Pro bono hours 

  • For all attorneys: 9,245
  • Average per attorney: 9

Culture 



Despite the streak of entrepreneurial “do it yourself” culture that some interviewees mentioned, we nonetheless heard how “teamwork is a priority here: it’s an expectation from the first day.” That proved to be “very appealing” to many associates. Another source noted that the “people are helpful, collaborative, and interested in associates’ individual growth. People seemed to genuinely like working here, and that was huge for me, as I absolutely did NOT want to go somewhere where I dreaded going into work every day.”  

“...teamwork is a priority here: it’s an expectation from the first day.” 

Other interviewees speculated over the extent to which Fox’s appetite for acquisition had shaped the firm culture: “Fox has expanded significantly over the last ten years. I think that as it’s acquired smaller offices in, for instance, Minneapolis, Seattle and LA, the culture has become more dependent on what your local office is like. For example, you could go to Philly, and they’d openly let you know how they do things there, plus the billable rates and starting salaries are set at differing points.” Another summed up the firm’s various office cultures as existing within a federation model “as opposed to the firm being like a small country that houses a homogenous group of people who have similar interests.” At the same time, we heard that the firm does makes an effort to center all offices around a shared “entrepreneurial focus that is honed on middle market clients – that’s our specialty.” Fox’s very own “culture club” was highlighted as another avenue for creating connections across locations: at the time of our calls, partners and associates were connecting via virtual happy hours.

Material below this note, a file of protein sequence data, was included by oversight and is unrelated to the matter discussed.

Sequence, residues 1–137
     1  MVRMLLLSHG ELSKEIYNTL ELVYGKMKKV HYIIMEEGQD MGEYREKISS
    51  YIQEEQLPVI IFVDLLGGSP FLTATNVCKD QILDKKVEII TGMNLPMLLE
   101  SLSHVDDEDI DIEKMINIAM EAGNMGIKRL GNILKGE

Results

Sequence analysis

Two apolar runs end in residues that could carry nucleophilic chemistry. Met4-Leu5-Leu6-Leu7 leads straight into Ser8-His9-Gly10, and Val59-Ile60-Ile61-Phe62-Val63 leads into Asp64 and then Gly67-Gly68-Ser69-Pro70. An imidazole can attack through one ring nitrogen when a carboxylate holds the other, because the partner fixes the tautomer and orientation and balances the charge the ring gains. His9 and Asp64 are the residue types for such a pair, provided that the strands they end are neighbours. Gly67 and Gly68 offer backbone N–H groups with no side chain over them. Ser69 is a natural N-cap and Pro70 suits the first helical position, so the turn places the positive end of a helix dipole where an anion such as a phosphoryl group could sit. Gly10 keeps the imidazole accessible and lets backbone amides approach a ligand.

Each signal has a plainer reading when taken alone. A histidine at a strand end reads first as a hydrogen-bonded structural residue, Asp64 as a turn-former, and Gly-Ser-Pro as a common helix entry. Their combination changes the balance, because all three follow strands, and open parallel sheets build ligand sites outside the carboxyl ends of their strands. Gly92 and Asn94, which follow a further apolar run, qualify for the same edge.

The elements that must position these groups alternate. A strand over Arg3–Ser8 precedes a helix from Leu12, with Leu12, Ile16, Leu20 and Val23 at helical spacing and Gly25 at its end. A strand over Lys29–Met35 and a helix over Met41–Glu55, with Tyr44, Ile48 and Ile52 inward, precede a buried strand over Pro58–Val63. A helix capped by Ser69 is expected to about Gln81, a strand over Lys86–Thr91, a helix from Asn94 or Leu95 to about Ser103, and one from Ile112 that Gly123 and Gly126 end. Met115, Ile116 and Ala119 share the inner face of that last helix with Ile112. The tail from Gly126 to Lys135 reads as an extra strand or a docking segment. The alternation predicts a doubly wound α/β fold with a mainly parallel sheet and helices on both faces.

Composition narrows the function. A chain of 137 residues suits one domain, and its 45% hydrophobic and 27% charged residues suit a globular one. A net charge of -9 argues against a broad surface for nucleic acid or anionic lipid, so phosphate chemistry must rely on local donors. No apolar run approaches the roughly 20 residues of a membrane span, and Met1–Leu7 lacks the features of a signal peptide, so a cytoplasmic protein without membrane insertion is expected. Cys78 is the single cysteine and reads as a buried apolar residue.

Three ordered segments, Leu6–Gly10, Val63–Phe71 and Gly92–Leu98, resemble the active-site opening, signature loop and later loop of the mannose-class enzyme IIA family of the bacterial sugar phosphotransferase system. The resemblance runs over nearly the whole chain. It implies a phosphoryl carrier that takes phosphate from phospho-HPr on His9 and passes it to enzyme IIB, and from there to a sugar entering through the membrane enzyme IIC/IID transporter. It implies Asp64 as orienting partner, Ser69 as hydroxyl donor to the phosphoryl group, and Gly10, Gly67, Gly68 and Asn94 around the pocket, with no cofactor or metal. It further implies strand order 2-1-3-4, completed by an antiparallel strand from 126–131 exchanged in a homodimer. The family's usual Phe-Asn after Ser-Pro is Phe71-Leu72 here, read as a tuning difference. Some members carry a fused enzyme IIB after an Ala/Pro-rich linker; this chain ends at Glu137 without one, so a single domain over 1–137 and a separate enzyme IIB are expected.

Diversity & Inclusion 



In June 2020, Fox appointed Kim Gatling as its chief diversity and inclusion officer. This appointment followed the launch of the firm’s diversity fellowship in 2020, which offers six students from diverse backgrounds the chance to complete a 1L summer position before hopefully returning as 2Ls and then juniors. “The firm is definitely making a visible effort to recruit diverse candidates,” our sources agreed, but comments were made about retention issues, especially when it came to racially diverse attorneys. Juniors were hoping to see the “creation of more space for certain affinity groups” as a next step for Fox’s diversity and inclusion initiatives.  

“The firm is definitely making a visible effort to recruit diverse candidates.”